If your asphalt driveway has a big pothole in it, call a paving repair contractor to patch the hole so it won't be a hazard on your property. Patching a pothole is a fairly easy job as long as it's done before the hole reaches the base and causes problems with the base too. Here's a look at what causes potholes, why you should repair one promptly, and how paving repairs are done for a pothole.
Why Your Asphalt Driveway Gets Potholes
Potholes are often a sign of problems with the base under the driveway. If the base shifts, cracks can form. Rain seeps in the cracks and this causes the cracks to get bigger, especially in the winter with frequent freeze and thaw cycles. The crack eventually turns into a pothole if repairs aren't done fast enough. That's why it's important to repair cracks in your driveway.
Why Potholes Need To Be Repaired
Cracks and holes keep getting bigger until repairs are done that keep rain out. The sooner you repair a pothole, the better. Potholes are a trip hazard, and the hole might cause someone to be injured on your property. The holes can also harm your car if you hit the hole just right. The jolt might knock your wheels or steering out of alignment. Repairs are necessary to protect people, cars, and the driveway.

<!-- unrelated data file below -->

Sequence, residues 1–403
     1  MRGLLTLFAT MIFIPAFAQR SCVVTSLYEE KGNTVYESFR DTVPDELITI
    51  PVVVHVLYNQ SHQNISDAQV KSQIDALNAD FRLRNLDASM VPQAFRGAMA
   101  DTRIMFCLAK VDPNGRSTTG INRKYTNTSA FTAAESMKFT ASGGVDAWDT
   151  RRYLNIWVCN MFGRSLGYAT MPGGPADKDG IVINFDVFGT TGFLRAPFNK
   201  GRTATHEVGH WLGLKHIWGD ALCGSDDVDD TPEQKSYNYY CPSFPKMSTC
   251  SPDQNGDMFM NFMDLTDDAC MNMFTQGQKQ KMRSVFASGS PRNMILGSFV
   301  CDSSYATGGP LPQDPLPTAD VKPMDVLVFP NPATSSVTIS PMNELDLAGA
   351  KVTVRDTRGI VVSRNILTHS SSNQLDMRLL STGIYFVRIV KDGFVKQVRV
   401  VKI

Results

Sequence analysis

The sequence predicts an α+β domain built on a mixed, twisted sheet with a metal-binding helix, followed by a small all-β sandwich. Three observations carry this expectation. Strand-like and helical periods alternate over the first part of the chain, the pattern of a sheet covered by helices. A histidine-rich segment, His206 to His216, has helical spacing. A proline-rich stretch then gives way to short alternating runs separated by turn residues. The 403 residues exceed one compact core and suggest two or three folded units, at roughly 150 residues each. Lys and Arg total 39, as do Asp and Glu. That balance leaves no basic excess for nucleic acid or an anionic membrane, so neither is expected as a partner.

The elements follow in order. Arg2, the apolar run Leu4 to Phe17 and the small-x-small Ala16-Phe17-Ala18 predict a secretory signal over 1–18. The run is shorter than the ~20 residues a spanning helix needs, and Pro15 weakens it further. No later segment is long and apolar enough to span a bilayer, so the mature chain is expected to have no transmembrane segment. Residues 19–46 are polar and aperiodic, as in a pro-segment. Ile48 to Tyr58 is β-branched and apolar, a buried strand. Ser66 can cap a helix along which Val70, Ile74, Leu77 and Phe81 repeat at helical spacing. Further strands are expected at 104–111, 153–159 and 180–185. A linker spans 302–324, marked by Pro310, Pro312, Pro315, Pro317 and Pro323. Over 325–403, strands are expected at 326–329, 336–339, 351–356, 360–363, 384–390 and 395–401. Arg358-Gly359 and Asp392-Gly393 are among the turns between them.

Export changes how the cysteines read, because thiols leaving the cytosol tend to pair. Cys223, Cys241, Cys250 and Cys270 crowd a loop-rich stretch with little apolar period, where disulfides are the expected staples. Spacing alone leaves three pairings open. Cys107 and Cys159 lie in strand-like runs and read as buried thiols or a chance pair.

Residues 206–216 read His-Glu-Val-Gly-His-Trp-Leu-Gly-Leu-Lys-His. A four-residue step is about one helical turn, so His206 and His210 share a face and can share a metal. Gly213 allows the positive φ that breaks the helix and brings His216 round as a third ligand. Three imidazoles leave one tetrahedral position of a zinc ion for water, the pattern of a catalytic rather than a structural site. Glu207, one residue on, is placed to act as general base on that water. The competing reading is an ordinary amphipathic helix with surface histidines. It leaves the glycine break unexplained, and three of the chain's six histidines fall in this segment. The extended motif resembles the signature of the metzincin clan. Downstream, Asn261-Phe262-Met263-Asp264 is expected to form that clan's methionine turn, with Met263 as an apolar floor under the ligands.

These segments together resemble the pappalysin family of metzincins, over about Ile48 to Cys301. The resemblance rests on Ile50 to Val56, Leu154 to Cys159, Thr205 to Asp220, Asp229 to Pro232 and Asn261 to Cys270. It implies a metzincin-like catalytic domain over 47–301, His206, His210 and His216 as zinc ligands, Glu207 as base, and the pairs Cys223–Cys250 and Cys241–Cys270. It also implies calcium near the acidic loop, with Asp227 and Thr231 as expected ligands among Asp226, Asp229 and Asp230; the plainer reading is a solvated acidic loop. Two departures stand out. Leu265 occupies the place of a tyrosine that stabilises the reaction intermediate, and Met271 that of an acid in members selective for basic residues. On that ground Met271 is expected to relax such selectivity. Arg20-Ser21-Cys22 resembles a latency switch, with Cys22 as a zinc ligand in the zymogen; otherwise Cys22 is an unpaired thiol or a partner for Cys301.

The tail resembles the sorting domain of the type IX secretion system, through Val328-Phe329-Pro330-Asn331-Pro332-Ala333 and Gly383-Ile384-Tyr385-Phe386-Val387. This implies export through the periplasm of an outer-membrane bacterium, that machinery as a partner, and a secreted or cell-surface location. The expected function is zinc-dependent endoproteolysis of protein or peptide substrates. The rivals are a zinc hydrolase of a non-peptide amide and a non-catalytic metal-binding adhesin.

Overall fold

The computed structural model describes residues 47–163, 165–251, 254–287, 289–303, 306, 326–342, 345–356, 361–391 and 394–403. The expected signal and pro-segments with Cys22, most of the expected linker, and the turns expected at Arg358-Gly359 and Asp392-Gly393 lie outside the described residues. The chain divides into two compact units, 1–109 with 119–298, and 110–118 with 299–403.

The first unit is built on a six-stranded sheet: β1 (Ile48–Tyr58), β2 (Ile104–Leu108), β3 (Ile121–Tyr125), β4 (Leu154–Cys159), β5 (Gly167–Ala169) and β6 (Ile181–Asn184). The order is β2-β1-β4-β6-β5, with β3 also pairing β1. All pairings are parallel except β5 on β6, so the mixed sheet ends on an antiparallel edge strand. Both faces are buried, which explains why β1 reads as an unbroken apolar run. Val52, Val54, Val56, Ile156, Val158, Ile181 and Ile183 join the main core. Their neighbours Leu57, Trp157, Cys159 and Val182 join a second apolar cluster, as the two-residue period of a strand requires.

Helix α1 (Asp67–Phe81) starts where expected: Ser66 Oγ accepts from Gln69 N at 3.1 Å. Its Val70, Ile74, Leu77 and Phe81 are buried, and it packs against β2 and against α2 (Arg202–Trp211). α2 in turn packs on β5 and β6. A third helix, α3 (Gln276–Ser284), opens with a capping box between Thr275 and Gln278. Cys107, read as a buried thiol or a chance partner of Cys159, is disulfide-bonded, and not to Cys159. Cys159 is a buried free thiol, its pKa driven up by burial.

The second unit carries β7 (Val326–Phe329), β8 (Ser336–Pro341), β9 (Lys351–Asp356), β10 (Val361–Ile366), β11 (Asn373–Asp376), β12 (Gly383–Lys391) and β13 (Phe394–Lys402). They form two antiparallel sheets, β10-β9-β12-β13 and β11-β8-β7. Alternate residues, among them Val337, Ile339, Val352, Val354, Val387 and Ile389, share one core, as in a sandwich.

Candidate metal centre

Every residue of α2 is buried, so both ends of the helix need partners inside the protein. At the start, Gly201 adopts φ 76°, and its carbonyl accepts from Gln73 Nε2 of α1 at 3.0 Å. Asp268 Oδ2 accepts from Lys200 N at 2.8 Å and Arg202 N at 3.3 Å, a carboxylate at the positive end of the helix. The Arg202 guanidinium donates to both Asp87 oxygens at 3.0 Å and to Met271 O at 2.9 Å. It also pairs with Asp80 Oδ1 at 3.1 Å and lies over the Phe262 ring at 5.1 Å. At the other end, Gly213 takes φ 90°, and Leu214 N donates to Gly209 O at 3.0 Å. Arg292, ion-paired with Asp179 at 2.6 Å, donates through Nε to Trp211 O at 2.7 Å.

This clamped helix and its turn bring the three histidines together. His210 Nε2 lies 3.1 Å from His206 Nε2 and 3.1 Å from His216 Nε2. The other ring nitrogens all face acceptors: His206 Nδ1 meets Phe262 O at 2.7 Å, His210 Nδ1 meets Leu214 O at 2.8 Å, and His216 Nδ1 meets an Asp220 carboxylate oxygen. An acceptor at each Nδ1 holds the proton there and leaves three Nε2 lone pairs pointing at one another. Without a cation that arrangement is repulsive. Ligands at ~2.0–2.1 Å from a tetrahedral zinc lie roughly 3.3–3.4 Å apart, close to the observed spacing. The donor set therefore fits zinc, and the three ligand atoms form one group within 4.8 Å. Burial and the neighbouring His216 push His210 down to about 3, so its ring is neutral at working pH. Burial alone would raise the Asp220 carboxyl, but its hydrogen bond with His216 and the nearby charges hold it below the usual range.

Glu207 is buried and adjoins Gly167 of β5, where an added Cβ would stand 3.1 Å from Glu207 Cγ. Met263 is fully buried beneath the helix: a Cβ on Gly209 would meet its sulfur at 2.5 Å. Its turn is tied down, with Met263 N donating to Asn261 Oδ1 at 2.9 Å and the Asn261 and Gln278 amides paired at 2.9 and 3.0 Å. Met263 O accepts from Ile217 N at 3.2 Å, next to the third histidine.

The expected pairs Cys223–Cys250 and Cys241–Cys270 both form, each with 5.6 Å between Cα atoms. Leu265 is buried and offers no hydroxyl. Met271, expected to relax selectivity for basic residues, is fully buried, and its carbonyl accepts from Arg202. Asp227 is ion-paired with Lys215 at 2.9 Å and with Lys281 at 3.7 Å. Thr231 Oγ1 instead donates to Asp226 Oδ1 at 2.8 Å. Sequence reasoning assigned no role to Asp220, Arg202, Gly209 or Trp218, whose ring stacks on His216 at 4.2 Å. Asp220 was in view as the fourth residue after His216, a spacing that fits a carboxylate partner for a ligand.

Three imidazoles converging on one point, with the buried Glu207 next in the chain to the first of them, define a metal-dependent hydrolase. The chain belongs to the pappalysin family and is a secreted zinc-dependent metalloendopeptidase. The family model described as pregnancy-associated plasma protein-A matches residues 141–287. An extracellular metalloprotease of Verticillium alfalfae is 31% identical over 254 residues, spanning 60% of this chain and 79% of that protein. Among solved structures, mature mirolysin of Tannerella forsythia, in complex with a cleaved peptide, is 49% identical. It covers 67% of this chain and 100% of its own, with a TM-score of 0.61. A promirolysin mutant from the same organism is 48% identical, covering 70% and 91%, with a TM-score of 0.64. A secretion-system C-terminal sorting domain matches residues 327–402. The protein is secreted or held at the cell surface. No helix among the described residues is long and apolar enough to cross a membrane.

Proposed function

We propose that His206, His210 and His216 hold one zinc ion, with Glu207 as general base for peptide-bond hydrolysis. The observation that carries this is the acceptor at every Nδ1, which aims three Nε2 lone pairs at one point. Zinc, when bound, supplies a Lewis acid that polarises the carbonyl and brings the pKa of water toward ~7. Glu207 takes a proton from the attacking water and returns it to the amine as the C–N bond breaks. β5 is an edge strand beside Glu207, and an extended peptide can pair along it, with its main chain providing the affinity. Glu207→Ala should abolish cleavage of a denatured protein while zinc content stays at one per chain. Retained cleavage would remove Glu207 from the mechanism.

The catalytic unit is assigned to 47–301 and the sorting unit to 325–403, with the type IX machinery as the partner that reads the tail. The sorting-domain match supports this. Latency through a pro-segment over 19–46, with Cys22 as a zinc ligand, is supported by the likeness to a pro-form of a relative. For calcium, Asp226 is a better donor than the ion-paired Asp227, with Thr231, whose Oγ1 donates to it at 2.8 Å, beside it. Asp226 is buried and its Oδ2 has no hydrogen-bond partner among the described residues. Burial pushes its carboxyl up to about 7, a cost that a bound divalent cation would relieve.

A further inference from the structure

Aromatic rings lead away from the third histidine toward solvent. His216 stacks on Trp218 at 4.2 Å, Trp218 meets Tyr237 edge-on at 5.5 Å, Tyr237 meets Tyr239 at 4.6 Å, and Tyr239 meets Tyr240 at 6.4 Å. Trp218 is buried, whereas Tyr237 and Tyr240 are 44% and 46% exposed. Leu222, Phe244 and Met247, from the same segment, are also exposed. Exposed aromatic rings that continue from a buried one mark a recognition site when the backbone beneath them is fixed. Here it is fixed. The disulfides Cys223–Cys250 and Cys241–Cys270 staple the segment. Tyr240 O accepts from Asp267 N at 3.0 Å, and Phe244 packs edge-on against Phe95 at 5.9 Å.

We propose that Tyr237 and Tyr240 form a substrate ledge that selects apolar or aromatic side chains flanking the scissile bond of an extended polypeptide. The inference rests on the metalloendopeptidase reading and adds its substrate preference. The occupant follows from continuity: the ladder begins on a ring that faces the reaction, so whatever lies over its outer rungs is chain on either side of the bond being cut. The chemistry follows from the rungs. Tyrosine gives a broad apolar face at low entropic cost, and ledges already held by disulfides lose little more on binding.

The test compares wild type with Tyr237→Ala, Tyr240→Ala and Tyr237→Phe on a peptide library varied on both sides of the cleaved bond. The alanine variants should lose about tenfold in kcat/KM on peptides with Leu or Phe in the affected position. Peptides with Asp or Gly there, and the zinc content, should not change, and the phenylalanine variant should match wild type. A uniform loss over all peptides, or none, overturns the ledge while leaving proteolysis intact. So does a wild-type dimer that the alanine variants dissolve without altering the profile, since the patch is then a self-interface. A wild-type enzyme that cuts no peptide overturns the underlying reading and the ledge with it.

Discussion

How Potholes Are Repaired
A paving repair contractor may patch the pothole rather than cut it out and replace that portion of your driveway. Sometimes, it may be necessary to cut a pothole out so repairs can be done to the base. As long as the base is in good shape, then a patch could be the best paving repair for the job.
The paving contractor has to decide if hot or cold asphalt is needed. The choice depends on the outdoor temperature. Hot patch can't be used in the winter. If your driveway needs to be patched in the winter, cold patch has to be used. Cold patch may not last as long as hot patch, so the cold patch may need to be replaced with a hot patch before the next winter season arrives.
No matter what type of patch material is used for residential driveways, it is installed the same way. The contractor starts by cleaning out the hole to get rid of sand, gravel, and broken bits of asphalt. Then the patch material is poured in, leveled, and compacted. Your paving repair contractor will probably advise you to stay off of the patch for a few days so it can cure.
Contact a residential paving contractor to learn more.